Three hallmarks of life are that it can replicate, metabolize molecules to build and power itself, and compartmentalize these different reactions. Sijbren Otto and coworkers at the University of Groningen now report a chemical system that can do simple versions of the first two. The work represents a step on the path to developing synthetic life.
The researchers started with a previously reported, synthetic, self-replicating system. The self-replicators in this system are made of hexameric macrocycles built from peptides containing an aromatic dithiol at one end.
These macrocycles stack on top of each other and assemble into fibers that continue growing as long as enough precursors are available to outrun any breakage in the chain. Like living systems, which can synthesize their own building blocks from simple starting materials, these self-replicators can make their own precursors by oxidizing the peptide’s aromatic dithiols to form disulfides that hold the macrocycles together.
To give the self-replicators this rudimentary metabolism, the researchers added photosensitive molecules, such as rose bengal or tetraphenylporphyrin, that bind to the macrocycle fibers and act as cofactors (Nat. Chem. 2020, DOI: 10.1038/s41557-020-0494-4). Exciting the cofactors with light leads to the production of singlet oxygen, which in turn leads to disulfide formation.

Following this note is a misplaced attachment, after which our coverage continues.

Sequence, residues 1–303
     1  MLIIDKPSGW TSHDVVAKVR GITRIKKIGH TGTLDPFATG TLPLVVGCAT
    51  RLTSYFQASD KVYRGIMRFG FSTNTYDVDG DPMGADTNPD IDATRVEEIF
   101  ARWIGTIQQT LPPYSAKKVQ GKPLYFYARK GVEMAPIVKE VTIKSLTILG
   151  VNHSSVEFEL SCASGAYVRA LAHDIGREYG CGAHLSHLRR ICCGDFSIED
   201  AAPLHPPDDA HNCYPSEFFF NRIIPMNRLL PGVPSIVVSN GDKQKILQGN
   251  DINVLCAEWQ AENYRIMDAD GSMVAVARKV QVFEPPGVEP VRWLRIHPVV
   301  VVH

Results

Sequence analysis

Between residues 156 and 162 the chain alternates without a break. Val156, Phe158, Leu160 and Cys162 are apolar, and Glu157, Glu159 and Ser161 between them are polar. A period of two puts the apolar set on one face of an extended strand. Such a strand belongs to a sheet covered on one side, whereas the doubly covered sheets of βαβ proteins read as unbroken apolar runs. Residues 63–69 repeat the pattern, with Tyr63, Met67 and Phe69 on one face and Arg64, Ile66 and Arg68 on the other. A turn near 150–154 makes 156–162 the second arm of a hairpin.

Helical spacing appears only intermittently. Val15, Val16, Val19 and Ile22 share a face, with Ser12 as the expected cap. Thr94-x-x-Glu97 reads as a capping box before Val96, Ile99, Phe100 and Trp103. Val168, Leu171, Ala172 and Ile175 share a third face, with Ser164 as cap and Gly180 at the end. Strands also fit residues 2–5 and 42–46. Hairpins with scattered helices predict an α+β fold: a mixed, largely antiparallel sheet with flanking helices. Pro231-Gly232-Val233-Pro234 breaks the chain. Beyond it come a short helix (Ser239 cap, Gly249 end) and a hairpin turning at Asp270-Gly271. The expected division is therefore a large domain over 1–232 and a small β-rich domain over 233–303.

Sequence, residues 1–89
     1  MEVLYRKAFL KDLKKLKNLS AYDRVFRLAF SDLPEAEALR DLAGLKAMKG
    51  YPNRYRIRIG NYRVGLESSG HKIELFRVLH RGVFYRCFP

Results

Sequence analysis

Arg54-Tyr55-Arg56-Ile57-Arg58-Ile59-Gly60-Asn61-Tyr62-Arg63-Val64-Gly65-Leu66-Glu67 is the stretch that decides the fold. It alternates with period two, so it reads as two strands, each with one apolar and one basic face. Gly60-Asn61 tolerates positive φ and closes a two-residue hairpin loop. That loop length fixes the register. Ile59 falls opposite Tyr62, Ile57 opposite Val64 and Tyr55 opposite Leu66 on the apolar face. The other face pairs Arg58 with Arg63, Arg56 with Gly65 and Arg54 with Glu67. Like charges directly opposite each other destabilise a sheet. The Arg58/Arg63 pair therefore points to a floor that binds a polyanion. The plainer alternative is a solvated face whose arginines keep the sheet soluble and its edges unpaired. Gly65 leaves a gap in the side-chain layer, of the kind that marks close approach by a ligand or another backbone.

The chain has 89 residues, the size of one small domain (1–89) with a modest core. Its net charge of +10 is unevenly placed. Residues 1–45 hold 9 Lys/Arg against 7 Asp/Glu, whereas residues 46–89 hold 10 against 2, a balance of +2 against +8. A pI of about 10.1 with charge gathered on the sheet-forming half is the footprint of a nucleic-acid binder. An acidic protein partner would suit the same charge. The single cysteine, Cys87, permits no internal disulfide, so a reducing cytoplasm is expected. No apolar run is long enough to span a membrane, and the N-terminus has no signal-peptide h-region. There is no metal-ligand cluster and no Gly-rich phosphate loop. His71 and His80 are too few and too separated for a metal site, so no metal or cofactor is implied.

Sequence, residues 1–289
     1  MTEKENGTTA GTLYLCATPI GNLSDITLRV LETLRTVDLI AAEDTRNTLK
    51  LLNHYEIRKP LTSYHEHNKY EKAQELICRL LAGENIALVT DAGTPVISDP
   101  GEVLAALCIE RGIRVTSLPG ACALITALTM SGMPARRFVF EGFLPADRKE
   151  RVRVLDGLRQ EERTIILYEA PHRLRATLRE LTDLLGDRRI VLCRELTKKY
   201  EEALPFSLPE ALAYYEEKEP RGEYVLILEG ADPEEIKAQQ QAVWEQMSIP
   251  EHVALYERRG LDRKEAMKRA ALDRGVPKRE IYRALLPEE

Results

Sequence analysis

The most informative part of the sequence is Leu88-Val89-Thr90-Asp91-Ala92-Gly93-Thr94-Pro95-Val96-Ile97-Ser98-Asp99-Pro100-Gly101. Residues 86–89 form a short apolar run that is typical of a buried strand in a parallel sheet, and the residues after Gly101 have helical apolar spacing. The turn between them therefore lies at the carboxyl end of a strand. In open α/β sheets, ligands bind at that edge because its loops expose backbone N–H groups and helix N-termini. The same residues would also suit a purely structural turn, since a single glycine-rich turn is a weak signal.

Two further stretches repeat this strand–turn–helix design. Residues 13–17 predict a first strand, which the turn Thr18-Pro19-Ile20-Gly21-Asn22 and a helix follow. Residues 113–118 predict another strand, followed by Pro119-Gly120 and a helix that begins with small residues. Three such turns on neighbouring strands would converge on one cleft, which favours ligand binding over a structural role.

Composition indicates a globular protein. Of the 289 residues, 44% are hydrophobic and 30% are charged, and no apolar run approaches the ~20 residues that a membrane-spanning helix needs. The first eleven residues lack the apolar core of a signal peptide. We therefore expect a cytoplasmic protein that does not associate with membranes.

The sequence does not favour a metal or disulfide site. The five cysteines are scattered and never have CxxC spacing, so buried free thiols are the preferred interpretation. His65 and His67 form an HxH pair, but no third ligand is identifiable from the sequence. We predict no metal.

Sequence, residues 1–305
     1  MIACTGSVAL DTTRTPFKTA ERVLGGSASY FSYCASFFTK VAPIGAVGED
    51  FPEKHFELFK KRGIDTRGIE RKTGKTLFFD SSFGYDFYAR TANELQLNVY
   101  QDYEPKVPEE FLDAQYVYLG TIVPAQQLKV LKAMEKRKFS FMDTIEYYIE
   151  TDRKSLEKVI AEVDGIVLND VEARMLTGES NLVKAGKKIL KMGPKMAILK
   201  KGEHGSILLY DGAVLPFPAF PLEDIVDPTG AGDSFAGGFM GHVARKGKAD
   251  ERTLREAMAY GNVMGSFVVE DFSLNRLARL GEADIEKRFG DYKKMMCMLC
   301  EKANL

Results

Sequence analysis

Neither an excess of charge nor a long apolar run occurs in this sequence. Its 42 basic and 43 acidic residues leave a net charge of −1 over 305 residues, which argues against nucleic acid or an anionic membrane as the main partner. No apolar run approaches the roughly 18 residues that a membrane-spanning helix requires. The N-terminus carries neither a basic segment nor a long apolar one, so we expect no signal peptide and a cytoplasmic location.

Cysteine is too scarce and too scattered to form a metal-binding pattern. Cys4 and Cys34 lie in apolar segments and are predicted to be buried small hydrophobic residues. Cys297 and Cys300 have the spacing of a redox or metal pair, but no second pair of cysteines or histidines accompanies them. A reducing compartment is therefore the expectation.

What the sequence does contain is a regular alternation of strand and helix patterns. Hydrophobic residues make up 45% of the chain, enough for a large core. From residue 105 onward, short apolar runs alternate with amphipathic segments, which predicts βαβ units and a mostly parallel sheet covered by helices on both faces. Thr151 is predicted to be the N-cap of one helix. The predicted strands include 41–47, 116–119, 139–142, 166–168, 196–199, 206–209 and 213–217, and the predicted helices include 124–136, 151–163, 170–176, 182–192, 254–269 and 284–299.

Otto and his team have also found that the same self-replicators can catalyze other chemistry such as a retro-aldol reaction and the cleavage of fluorenylmethoxycarbonyl (FMOC) groups (Nat. Catal. 2020, DOI: 10.1038/s41929-020-0463-8). “The FMOC cleavage was a chance discovery,” Otto says. “We were trying to do phosphodiester cleavage, and we happened to have FMOC on the substrate.”
The researchers are trying to find other reactions that the self-replicator can catalyze. They’re having limited success, but Otto is hopeful. “It would be very weird if we already had reached the limits, given that the things that they do are so different,” he says. The reactions found so far all use different mechanisms involving different amino acid side chains on the peptides, he notes.
“These papers describe systems that beautifully mimic, or capture, some of the properties of living systems,” says Wilhelm T. S. Huck, a chemist at Radboud University who is working on developing synthetic cells. “Are they steps towards a synthetic form of life? I guess this depends what definition of life you would like to use. If I compare these systems to the only life we know, even the most minimal cells are infinitely more complex.”
The next step is to get the system to catalyze the formation of compartments, Otto says. “We’re by no means there yet, but the ability to catalyze reactions suddenly opens up a path that might get us there.”